The holidays can be fun and stressful all at once. Not everyone looks forward to them, and for some it’s their favorite time of year. Change was at the forefront of my last Christmas. Navigating a divorce, the passing of my sweet sister-in-law, a move to a different city—loss was everywhere. There were holes in our holiday family gatherings and traditions. It was a time of firsts.
The holidays represent joy to me. Giving, possibility, and magic. The world feels kinder, softer. I didn’t want to lose that.
My priority was my 14-year-old daughter and my 12-year-old son. They love this season, too. Would they be okay? What could I do to ease the stress? There was no getting around this being hard. As holiday break approached my plan was to communicate and allow space for our feelings. And somehow have fun, to enjoy the season and its wonder.
Our holidays were a mix of the old and new. We had wish lists, shopped for friends and family, rode the ‘bright nights’ train at the park, decorated our tree, spent time with loved ones—all things we had always done. We discovered a winter light display near our neighborhood and bought a new wreath for our new door. Since we now had to share Christmas, the kids and I decided to open presents on December 24th. The upside of divorce was that we could make Christmas last longer. That’s how I chose to see the beginning of a new tradition for our unit of three.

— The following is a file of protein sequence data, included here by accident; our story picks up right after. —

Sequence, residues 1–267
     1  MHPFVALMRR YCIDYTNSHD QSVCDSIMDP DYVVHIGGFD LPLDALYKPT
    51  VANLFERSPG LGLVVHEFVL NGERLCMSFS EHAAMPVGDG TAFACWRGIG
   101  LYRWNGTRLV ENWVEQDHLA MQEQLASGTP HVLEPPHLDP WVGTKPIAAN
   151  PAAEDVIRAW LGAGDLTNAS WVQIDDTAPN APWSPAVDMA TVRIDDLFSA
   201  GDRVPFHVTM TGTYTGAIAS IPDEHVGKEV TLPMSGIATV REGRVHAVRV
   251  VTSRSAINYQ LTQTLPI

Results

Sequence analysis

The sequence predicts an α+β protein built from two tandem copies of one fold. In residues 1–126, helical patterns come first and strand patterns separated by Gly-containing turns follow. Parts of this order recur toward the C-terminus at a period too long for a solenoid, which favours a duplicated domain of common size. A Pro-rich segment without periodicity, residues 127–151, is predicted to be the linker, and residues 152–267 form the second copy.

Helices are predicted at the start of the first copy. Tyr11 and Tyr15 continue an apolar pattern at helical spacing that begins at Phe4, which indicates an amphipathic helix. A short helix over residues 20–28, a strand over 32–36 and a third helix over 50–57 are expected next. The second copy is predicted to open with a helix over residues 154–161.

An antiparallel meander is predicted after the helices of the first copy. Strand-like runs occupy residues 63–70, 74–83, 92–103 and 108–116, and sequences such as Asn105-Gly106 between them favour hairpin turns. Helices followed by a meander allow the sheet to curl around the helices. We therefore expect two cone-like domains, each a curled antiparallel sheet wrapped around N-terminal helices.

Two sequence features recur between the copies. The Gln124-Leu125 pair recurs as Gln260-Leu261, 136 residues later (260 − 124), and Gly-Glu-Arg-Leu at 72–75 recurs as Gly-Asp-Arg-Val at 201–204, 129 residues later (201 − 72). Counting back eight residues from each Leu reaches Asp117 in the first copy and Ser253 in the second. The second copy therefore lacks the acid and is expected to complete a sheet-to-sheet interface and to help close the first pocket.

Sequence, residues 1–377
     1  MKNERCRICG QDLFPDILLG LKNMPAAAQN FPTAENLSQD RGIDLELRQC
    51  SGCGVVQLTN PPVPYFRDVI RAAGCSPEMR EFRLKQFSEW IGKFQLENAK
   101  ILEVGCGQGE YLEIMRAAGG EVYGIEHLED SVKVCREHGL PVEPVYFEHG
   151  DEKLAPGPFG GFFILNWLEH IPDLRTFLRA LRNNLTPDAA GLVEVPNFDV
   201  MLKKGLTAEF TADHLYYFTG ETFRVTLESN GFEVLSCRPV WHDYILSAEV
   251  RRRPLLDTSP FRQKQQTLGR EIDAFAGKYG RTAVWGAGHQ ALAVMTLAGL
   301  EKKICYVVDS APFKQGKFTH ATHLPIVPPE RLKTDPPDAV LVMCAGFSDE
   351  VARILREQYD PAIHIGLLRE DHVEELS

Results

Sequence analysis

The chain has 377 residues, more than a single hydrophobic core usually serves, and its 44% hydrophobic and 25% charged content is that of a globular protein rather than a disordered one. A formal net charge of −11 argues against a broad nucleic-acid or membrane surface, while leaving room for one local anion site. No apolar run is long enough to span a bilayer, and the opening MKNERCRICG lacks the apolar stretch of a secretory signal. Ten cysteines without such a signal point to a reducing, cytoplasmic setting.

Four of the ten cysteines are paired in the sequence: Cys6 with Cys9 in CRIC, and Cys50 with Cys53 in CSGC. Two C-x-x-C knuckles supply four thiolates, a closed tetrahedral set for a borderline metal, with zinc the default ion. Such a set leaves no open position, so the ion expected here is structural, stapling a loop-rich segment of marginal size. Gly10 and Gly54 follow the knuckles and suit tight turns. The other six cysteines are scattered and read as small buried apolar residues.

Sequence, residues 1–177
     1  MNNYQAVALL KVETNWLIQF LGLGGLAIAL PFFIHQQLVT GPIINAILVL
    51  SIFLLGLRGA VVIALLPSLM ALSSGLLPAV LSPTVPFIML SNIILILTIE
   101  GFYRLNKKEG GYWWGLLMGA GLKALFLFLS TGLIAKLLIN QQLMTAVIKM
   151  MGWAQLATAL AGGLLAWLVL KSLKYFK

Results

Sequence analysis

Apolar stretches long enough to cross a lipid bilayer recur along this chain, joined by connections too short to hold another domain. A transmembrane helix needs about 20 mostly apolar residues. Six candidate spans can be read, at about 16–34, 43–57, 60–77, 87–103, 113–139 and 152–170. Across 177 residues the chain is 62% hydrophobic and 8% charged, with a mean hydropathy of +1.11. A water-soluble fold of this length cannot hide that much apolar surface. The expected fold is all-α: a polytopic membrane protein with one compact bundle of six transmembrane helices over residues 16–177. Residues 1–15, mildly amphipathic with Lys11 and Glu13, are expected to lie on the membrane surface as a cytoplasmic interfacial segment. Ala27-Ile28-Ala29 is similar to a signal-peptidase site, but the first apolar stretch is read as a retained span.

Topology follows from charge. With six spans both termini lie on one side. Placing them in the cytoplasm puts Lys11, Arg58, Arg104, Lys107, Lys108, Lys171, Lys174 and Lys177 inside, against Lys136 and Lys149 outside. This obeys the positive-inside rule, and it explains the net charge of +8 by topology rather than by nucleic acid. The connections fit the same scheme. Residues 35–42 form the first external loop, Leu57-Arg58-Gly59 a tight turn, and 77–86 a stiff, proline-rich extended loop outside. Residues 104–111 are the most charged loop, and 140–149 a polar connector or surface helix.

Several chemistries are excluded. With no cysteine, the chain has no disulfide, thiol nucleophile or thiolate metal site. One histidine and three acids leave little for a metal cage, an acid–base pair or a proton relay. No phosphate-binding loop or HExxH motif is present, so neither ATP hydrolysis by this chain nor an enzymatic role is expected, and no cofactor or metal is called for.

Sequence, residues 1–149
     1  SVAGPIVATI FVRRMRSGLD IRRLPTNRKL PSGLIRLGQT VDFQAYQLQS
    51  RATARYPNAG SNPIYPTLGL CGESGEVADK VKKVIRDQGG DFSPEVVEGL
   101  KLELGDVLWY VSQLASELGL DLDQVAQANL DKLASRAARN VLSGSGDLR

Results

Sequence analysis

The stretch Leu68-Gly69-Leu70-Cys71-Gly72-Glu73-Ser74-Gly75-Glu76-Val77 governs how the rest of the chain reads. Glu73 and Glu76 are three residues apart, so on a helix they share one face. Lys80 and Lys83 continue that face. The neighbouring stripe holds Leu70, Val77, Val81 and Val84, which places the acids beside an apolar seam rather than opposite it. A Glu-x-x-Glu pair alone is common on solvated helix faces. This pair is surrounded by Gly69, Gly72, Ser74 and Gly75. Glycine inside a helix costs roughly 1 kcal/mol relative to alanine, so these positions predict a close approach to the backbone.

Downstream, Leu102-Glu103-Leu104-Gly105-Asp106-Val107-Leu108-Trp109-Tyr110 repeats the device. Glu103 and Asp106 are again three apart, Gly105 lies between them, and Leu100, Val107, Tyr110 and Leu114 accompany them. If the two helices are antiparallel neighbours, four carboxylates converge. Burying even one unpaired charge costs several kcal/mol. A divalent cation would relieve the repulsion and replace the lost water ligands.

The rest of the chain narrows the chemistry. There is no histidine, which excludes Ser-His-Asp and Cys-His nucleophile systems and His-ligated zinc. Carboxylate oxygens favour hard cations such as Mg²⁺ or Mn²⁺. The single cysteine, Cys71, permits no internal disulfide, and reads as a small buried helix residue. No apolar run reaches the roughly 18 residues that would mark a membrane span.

There was also a significant part of me that needed the holidays over and done with. Get through that first one because the firsts are the hardest. While the kids were with their dad I missed them and my sister-in-law. I missed our past family. Melancholy tugged at me. I was also dealing with a mouse issue in the attic and there is nothing cute about mice no matter how they are dressed up in cartoons. There was a lot going on, more than I wanted.
I got through that first. We all did. I had time to myself, ate a lot of chocolate, and watched the second season of ‘The Crown.’ A friend invited me over for wine and company. I was reminded that you can inhabit both joy and sorrow. It’s okay to be sad. The holidays can be lonely. And in the midst of grief it is possible to know happiness.
This season holds more change, but we continue to make our way, blending the old and new. Sometimes you have to strain to see past the chaos for the beauty of the season. Find it in the little things. Pay for the person behind us in a coffee drive-thru line. Delight in the twinkling lights against a black winter sky. Seek solace in a beloved book. One of my favorite things to do is to drive around, hot chocolate in hand, exclaiming over bedecked houses and people’s love of giant reindeer and Santas on their front lawn. We create our own magic and meaning.
Heidi Cave is an author, mother, and motivational speaker. She is devoted to coffee, family, books, TV, and all things lemon, not necessarily in that order, but feels that all of these things are vital to a fulfilling life. You can learn more about Heidi at heidicave.com. You will find her memoir Fancy Feet: Turning my Tragedy into Hope in bookstores and Amazon.